It sounds also like he brought the toe back from what you describe which leads to me to wonder if he might have a bit of a long toe, low heel syndrome going on...and yes, being aggressive in a corrective trim like that can definitely cause post trim soreness.

        I would give him a call and let him know what is going on. You could try to put some boots on him for a day or so or some hoof casts to help out. Most likely he will be OK in a few days.


        • #5
          Ditto what DDB said. I warn people when their horse is overdue that the trim is going to be a big difference from what they had, the sole is closer to the ground, and no matter how conservative I am, the horse might be ouchy.

          Still, I appreciate a call if they get sore. And I go out with hoof testers. It's possible there was something brewing in there before the trim, and now it is experiencing more pressure after the trim.
          "Passion without knowledge is a runaway horse."


          • #6
            It makes sense that the late trimming made him sore, but what if there is something else starting to show up?

            If he is clearly lame, why not run him by the vet, just in case?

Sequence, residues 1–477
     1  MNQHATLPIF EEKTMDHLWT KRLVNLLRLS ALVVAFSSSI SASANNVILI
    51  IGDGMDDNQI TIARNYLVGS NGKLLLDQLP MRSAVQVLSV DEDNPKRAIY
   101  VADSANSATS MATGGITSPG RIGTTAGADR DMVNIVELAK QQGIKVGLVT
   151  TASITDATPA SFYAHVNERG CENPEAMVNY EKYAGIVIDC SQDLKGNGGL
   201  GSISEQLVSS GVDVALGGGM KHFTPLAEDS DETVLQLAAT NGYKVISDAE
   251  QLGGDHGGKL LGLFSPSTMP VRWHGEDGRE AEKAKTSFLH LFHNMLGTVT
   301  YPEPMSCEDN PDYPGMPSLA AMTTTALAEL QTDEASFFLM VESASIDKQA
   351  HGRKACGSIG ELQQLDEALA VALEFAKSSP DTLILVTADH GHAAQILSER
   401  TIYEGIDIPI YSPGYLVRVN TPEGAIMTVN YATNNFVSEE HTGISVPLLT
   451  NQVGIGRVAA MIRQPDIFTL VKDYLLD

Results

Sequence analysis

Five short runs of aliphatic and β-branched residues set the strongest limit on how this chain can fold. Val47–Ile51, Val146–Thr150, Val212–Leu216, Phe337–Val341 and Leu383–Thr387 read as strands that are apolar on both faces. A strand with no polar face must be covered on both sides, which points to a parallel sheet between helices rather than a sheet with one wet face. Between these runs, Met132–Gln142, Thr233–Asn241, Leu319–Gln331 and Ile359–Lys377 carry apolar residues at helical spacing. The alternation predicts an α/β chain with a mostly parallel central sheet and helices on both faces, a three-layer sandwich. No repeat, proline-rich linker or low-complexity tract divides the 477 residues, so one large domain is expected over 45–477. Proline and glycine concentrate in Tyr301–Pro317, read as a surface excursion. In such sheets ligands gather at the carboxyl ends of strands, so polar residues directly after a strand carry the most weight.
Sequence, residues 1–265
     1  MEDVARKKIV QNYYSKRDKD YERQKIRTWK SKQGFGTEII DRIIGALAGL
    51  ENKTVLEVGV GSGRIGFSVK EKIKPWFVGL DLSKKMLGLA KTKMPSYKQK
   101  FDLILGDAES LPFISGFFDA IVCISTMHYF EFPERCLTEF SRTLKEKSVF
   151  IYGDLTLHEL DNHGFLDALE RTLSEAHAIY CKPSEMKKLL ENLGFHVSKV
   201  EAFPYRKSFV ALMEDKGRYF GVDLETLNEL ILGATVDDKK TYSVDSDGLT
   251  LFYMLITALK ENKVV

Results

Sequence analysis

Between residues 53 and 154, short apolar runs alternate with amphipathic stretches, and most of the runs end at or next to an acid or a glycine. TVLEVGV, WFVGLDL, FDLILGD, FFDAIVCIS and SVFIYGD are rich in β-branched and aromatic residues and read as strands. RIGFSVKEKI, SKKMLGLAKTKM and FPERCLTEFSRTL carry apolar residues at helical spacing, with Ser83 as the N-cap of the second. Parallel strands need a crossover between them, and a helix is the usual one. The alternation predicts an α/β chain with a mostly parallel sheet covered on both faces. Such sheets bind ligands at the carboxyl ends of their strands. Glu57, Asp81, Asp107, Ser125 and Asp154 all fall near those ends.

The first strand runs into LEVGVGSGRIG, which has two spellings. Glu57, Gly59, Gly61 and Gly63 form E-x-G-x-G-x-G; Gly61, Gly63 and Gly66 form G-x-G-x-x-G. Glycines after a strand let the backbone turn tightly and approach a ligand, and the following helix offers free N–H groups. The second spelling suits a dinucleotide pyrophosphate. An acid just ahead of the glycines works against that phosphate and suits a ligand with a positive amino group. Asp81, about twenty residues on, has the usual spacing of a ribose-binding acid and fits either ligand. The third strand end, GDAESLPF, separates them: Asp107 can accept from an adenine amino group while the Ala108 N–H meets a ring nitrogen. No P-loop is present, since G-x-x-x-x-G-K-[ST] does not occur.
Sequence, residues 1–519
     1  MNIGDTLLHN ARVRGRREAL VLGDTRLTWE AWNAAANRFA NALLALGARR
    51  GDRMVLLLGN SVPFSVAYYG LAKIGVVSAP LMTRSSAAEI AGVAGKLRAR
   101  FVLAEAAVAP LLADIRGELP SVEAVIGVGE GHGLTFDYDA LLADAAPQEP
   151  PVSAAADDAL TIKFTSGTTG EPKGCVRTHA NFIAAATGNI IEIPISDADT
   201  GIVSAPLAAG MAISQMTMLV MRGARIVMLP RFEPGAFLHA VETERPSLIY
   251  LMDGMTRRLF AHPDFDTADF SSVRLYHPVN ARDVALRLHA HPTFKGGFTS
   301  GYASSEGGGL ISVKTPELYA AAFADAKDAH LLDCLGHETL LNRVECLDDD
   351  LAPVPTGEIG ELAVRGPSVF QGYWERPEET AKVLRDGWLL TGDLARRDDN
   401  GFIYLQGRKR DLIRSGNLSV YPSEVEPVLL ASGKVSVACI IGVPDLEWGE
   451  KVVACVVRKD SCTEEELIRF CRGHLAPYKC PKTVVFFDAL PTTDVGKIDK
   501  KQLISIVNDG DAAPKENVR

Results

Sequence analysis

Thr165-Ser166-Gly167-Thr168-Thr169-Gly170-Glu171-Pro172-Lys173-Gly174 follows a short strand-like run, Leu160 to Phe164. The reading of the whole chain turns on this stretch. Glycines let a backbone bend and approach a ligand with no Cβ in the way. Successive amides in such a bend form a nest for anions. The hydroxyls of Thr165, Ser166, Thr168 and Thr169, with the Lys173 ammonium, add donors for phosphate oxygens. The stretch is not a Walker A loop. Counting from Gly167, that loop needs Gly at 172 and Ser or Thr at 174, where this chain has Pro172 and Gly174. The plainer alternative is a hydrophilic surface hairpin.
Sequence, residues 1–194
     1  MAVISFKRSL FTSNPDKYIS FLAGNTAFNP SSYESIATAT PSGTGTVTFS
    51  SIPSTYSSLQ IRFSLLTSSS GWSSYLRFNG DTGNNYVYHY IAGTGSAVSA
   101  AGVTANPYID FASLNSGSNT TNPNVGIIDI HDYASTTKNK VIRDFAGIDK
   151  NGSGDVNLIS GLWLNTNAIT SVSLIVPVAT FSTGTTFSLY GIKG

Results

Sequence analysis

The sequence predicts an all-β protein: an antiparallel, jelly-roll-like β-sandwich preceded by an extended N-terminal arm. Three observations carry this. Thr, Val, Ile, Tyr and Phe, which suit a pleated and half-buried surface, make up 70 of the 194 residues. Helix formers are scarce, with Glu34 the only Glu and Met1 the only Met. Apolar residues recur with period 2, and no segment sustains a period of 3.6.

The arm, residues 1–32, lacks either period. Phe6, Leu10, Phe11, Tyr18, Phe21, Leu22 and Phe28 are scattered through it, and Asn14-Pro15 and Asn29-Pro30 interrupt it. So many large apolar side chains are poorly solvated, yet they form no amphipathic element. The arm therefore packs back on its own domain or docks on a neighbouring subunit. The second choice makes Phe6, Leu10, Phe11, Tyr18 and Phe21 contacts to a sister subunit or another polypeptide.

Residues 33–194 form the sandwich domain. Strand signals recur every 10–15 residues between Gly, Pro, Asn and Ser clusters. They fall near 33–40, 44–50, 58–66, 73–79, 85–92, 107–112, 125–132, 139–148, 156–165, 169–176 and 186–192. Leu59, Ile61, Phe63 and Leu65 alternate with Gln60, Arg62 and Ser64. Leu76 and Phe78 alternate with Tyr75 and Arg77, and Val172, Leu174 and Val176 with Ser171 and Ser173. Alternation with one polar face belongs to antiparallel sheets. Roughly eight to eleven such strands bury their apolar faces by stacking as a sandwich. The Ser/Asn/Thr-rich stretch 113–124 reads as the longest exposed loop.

We had a horse we thought the farrier trimmed too much and it ended up being a crack in his coffin bone, a little to the side off the middle of the front.


            • #7
              Would pics help...?
              I recognized with despair that I was about to be compelled to buy a horse ~
              Edith Somerville and "Martin Ross"

              "Momma" to Tiempo, Tucker and Puff, RIP my beautiful Norman 8/2012


              • #8
                Originally posted by waj2007 View Post

                felt like he stepped on a rock and stubbed his left-front toe in the drive way.

                But what should I think? Should I be concerned? Do something?
                Given the farrier switch and the time it took between trims, should I just accept this as normal? How long should I wait before returning him to serious work?

                Sounds like you know what the problem is. If your horse didn't get trimmed on time and then he happened to step on a rock and bruise his foot, I'd call it bad luck.
                Eric Russell CJF